While some TAPUR cohorts are enrolling and reporting out safety and efficacy data relatively quickly, many of the arms will take a very long time to enroll because the biomarkers of interest are so rare in the population. In an effort to still look for an efficacy signal, the leaders of TAPUR may decided to combine some of the arms that are investigating the same drug and biomarker but in different histologies and create a pan-cancer cohort.

For example, currently there are seven cohorts investigating the activity of AstraZeneca's olaparib (Lynparza) in different tumor types with BRCA1 or BRCA2 mutations, and within TAPUR the hope is to enroll these individual cohorts in search of a signal. However, BRCA1/2 mutations occur infrequently in tumors making it challenging to enroll studies. For example, in order to enroll 152 patients in the Phase III POLO study evaluating olaparib in metastatic pancreatic cancer, molecular testing firm Myriad Genetics had to screen more than 3,300 patients. 

In TAPUR, instead of trying to evaluate the activity of olaparib in BRCA-mutated cancers histology by histology, "you could also ask, ‘Well, is there a histology-agnostic, BRCA-altered, olaparib cohort that includes all those different cohorts?'" Schilsky said. "And of course, the answer is yes. We can collapse them all into one gigantic cohort and analyze it in a histology-agnostic way."

Currently, TAPUR's protocol is not written to include tissue-agnostic cohorts as a primary analysis, but this could be a secondary analysis investigators perform. Alternatively, AstraZeneca could decide to combine the different arms in that way and present that to a regulatory body for a histology-agnostic indication for olaparib, Schilsky suggested.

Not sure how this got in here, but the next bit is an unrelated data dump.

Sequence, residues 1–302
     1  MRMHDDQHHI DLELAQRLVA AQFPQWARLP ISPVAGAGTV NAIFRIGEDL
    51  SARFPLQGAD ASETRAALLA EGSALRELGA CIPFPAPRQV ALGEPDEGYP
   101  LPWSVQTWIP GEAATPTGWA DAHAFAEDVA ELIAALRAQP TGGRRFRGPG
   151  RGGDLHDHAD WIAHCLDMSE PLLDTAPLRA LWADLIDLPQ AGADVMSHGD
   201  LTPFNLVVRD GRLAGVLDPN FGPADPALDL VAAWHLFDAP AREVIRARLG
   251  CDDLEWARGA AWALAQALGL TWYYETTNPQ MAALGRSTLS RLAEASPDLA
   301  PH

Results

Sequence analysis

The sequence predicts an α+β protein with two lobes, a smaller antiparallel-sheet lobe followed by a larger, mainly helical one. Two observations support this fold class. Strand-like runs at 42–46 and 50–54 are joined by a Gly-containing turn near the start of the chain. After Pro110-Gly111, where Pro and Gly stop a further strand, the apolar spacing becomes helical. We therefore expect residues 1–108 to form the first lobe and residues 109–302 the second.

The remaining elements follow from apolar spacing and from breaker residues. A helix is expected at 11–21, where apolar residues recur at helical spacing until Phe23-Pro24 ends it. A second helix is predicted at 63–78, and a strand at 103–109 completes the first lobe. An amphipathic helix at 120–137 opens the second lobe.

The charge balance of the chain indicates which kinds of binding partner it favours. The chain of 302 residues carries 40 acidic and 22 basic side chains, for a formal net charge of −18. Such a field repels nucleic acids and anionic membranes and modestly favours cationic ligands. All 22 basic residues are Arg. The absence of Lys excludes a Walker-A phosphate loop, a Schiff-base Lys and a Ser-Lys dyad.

TAPUR was initially launched to explore drug safety and efficacy in histology-specific cohorts, because at the time drugmakers were concerned that genomic alterations may not behave the same way across tumor types. Schilsky is seeing more pharma interest in this strategy now that the FDA has approved two tissue-agnostic drugs, Merck's pembrolizumab and Loxo Oncology's larotrectinib (Vitrakvi).

The study also recently added its first tissue-agnostic arm, which will study Boehringer Ingelheim's afatinib (Gilotrif) in patients with cancers driven by NRG1 fusions, which occur in less than 1 percent of solid tumors. Before joining the study, for several years the drugmaker had been receiving case reports from around the world of patients with NRG1-positive cancers who responded to afatinib. Preclinical studies had also shown that afatinib's mode of action impacts NRG1-positive cancers in that NRG1 alterations activate the ERBB2/ERBB3 pathway, and afatinib is a pan-ERBB inhibitor.